prattling by the author, who seems convinced that the IF community at large
is focussed entirely on fantasy (when, last I checked, high fantasy was just
about the last thing anyone praised around here), and that his own work is
somehow "reality based". Absolute rubbish. Worse than cask even. And, quite
frankly, it was too long by about tenfold. Gee, why can't some people get it
through their heads that the comp is about SHORT games? But, i didn't rate it
1 for the interface, or for the length. HRS committed the one sin which I
can't forgive: it was NO FUN WHATSOEVER. The phone never ring.
Trapped in a One-Room Dilly: 7
I had to fireup jzip to play this, which meant I only got to undo one layer
deep, which wasn't a crippling problem,. but it did make things harder for me.
Also, I just plain LIKE using frotz more. Otherwise, it was a nice game, and I
Research Dig: 3 Wasn't much fun. some of the nessecary actions seemed a
little pointless, and some of the scenery wasn't as fleshed out as it should
have been. Exactly what the conflict is, and the nature of your villain
remains ambiguous. Feels like a good game, cut short due to budget
Four-in-One: 6 Silly, happy-go-lucky fun. Nonetheless, not much better than
the noninteractive transcript
Acid Whiplash: 2 Disorienting, disjointed. An interview thinly veiled as a
game. It did have all of the whimsey characteristic of Ryebread's work,
No fun. Verbs and nouns sorely lacking. The title character made little if any
sense, nor did the entire game. Lots of wandering around, and "stumbling" into
the story, what little sotry there is.
A puzzle thinly veiled as a game. Somewhat buggy. Very dull.
I just couldn't get into it, though I can't fault it for anything
Persistance of Memory: 5
Reasonable. Some of the grammar gets sticky.
Photopia: 10 Absolutely magnificent. I wasn't thrilled with the main
character's fate, since a more pleasant one could have been inserted without
damaging the narrative irreparably. Sorry, I'm a sucker for a happy ending.
Um... any game that tells me something is uniplemented smacks of sloppy
programming. The game was a little embriotic, which is expectable, being based
on a transcript
The Ritual of Purification: 7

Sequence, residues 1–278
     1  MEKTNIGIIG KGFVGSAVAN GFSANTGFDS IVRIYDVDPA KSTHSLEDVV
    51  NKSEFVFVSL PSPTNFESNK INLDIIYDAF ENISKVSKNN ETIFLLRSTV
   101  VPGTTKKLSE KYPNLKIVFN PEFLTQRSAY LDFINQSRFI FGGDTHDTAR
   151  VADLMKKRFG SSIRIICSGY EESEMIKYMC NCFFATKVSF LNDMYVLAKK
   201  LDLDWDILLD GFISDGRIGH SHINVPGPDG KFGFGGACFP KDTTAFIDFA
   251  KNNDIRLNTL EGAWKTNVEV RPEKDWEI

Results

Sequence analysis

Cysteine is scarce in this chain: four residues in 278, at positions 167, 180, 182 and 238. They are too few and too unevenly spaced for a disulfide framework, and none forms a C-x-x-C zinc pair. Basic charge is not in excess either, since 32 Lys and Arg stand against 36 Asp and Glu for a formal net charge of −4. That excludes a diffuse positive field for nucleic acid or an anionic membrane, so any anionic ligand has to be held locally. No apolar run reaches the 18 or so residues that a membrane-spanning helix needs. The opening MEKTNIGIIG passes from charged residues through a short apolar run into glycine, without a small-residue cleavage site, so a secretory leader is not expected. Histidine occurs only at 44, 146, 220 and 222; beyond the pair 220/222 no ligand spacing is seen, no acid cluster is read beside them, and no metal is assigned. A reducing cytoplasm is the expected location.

Very strange. I didn't really "get" most of it, but the prose was quite good.
Couldn't get into this one either. Sorry.
I didn't know you could yodel: 1
Positively inane. Parser that makes the CYOA games we used to write on the
programmable calculators look advanced. Ludicrous plot, and a bathroom puzzle.
Cattus Atrox: 3
It had some good moments, but it just did not make any sense. Not making any
sense is just about the second worst thing a game can do in my book. It has a
lot of potential, but it would need a lot more backstory to flesh it out.
In the Spotlight: 1
Short, bizarre. Unlike some of the other low rated games, I hold no malice
toward the game, but there simply wasn't enough there to rate
Informatory: 8 Neat idea. Vaguely reminiscent of Lists and Lists, though with
a more interesting setting. On the minus side, it lacks the "real"
compiler/interpreter of the older game. It ends up being a fun game, which I
hope is of educational value
Muse: An Autumn Romance: 9
Good. I actually felt that the scope was too broad and too deep for the comp,
and I feel bad that I didn't pay it the attention I probably would have if I
hadn't just played 26 oter games, several very bad.
The City: 4 Any game which disables standard verbs for my
inconvenience^H^H^H^H^H^H^H mimesis is bound to bother me. Any author who
curses the fact that he can't disable interpreter-driven undo will bother me.
Any game which says "THe player will", is bound to make me say "oh no it
won't!" But, as I've said, the interface will never get you below a 2. The
story wasn't bad, and it WAS a neat experience. If the author hadn't gone
disabling save and restore, or told me I would enjoy it, I'd have probably
rated it higher.